The step two submissions must contain information responsive to 13 topics. Polic ,pp. 8-1 1. Among other things, the coordinating agency must describe the project site, loth in terms of the existing uses and rhe proposed uses, required governmental approvals and permits, intended financial arrangements, consistcncy with the City's "economic development and pubIic improvement objectives," evidence to establish "why the project would no1 occur 'but for' the TIF funding," and "public purpose benefit." Policy, pp. 9- 10. The Policy states that the need for information may vary according to
In the third step, the "proposed legislative package creatin the TIF (and related special taxin district" and updates on the applicat~on are presente to the Finance Board "for approva ." The coordinating City agency is then to scl~e-dule and obtain approval from the City's Board of Estimates and City Council "as requircd." Policy, p. 7. The legislative package generally consists ofi (1) an ordinance that designates the deveIoprnent distr~ct,(2) an ordinance that creates the special fund for receipt of the tax increment; and (3) an "enabling ordinance" that specifies the oi' the bonds to be issued and that describes the increment to the special fund. The enabling ordinance Board "by resolution to specify and prescribe" a number of terms as the Finance Board "deems appropriate to effect the financing or refinancing" of a TIF project.
The fourth step occurs after the enactment of the legislative package. That step comprises the submission, for a proval by the Finance Board, of the documents authorizing the issuance of the T h: bonds. The submissions are to include financial projections, including a "description of the risks associated with the project and how those risks are mitigated." PoIicy, p. 7. If so authorized by the enabling ordinance, the Finance Board may prescribe terms such as the principal amount, interest rate, and tenns of sale and issuance of the bonds, and "the provisions of any development agreement to be executed by the Mayor and City Council of Baltimore and any person in connection with the issuance of such bonds." Art. 11, $ 62 (d), (e), (f).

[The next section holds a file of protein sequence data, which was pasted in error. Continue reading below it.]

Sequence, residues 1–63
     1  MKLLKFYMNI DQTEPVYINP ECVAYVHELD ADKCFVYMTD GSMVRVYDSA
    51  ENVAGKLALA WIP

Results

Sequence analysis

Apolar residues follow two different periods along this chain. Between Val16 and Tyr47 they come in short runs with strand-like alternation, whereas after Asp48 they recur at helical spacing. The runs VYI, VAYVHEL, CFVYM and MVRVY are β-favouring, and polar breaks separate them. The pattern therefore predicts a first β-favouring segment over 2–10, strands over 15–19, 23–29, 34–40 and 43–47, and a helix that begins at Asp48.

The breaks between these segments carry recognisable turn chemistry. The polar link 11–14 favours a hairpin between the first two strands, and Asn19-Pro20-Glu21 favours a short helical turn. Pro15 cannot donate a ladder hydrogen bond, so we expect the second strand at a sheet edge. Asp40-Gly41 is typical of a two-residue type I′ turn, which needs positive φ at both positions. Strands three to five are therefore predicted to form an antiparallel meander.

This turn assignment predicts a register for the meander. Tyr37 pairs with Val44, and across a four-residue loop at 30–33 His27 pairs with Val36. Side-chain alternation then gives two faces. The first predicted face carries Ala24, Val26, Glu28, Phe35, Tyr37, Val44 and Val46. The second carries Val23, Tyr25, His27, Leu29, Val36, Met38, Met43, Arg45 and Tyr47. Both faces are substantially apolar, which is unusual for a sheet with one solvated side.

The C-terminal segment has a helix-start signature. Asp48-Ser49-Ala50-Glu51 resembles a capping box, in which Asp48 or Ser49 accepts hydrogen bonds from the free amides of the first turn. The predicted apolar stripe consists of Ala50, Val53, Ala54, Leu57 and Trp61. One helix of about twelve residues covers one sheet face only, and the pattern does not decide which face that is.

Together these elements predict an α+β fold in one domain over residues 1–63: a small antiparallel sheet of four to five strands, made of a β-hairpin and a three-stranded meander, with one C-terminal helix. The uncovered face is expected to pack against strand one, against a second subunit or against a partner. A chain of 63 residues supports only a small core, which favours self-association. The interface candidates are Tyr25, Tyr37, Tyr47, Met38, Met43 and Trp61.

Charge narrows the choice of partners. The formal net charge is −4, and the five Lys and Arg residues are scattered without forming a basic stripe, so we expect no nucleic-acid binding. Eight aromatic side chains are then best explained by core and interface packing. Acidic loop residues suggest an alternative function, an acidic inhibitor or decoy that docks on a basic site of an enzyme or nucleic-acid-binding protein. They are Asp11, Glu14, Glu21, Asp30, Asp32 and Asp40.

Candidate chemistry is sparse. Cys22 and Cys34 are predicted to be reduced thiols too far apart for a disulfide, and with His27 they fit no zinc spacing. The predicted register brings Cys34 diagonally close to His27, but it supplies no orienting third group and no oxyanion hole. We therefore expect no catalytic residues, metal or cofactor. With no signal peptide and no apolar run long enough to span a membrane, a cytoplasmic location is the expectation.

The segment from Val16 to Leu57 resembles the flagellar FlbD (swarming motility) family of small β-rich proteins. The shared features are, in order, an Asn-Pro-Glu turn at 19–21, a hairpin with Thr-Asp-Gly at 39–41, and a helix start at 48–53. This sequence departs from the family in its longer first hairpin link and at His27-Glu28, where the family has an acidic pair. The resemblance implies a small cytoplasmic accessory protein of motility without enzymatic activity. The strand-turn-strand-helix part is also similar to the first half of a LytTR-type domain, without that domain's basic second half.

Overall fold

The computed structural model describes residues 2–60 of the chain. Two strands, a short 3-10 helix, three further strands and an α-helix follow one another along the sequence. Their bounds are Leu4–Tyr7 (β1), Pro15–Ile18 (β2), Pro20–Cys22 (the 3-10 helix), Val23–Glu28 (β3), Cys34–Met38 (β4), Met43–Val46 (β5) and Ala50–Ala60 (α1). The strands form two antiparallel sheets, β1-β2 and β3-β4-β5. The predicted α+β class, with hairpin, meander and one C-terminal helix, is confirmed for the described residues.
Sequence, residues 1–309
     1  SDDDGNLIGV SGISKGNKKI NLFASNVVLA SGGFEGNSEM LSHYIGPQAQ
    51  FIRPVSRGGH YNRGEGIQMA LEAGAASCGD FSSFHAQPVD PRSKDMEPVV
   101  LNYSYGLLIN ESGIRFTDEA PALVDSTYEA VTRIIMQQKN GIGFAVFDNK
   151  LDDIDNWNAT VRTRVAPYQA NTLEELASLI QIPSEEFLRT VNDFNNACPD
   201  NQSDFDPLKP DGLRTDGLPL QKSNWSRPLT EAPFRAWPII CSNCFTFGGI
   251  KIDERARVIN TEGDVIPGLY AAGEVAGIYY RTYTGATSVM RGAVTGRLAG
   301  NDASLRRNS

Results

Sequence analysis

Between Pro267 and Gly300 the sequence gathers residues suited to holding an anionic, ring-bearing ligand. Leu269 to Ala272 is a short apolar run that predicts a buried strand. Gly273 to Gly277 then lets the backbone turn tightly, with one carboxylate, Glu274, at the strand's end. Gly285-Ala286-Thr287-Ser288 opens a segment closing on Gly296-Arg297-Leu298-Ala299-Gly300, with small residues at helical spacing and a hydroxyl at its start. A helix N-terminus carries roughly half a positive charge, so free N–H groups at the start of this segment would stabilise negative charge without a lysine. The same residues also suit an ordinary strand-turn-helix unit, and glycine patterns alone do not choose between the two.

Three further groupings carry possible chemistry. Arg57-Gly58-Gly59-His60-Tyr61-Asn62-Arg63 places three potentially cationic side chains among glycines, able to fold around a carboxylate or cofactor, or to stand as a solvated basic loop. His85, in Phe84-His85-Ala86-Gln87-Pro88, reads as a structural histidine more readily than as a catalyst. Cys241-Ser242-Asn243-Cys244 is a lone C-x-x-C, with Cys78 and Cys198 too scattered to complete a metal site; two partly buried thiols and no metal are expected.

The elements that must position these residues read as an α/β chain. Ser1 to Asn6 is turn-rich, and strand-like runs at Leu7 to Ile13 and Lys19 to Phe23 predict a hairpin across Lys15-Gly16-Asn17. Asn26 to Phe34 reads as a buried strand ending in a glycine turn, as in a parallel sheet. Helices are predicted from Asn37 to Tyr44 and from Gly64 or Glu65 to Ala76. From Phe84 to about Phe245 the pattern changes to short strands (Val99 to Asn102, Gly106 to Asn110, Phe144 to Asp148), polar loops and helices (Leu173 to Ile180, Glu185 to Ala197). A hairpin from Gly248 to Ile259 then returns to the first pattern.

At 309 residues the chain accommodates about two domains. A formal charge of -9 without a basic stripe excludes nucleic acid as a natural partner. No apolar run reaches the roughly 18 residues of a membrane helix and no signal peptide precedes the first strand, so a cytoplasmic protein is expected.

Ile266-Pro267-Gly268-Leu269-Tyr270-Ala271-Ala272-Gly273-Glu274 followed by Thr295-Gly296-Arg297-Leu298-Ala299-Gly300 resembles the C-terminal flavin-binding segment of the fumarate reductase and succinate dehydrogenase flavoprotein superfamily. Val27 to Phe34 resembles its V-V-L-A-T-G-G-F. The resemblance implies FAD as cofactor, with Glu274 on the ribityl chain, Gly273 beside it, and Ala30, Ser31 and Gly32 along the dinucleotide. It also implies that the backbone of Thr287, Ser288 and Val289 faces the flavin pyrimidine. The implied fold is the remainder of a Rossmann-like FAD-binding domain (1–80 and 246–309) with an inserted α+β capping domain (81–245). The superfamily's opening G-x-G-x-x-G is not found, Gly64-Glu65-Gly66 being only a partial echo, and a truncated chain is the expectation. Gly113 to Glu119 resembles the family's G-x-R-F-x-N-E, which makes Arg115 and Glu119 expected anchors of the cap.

Board issued the Policy in part "to ensure that TIF projects, when added to other tax supported debt, do not negatively impact the City's general debt ratings." Policy, pp. 2,4.
9 Official Opinions of the Compliance Board 15 (2013) July 25,2013 Page 4
The Finance Board's Policy thus gives the Finance Board an integral role in the authorizes the issuance of TIF bonds and then in the legislative process by which the C ~ t y determination of how, and on what terms, those bonds are to be marketed.
C. The May 20, 2013 meeting -facts and allegations
A quorum of the members of the Finance Board met on May 20, 2013. The Finance Board's Clerk also attended. In the Mayor" absence, the vice-president presided. According to the Finance Board's draft minutes of the open art of the meeting, the members addressed several matters before turning to an item escribed as "Consider Le islation for the Harbor Point Tax Increment Financing." The draft minutes give t is account of the way in which the meeting was closed:
[The Clerk], in accordance with Md. Code, State Government, 5 10-508(a) (4) and (14) requested the Board consider a motion for a closed door session to discuss the ap roval of legislation for the Harbor Point Tax Increment Financing. T1e Board approved the closed session on the ~notIon of Mr. Black, seconded by Mr. Silverstein. Mr. Broadwater objected to the closing of the meeting. The meeting was closed to the public. Ms. Roeder, Mr. Janis and a cameraman then entered the conference room and objected to the closing of the meeting. [The Clerk] explained that if the Board of Finance a proves the submission of the TIF legislation to the City CounciI, the pub ic will have full public access to information during the City Council's public hearing process. A "Written Statement for Closing a Meeting under the Open Meet~ngs Act" is attached hereto . . . ."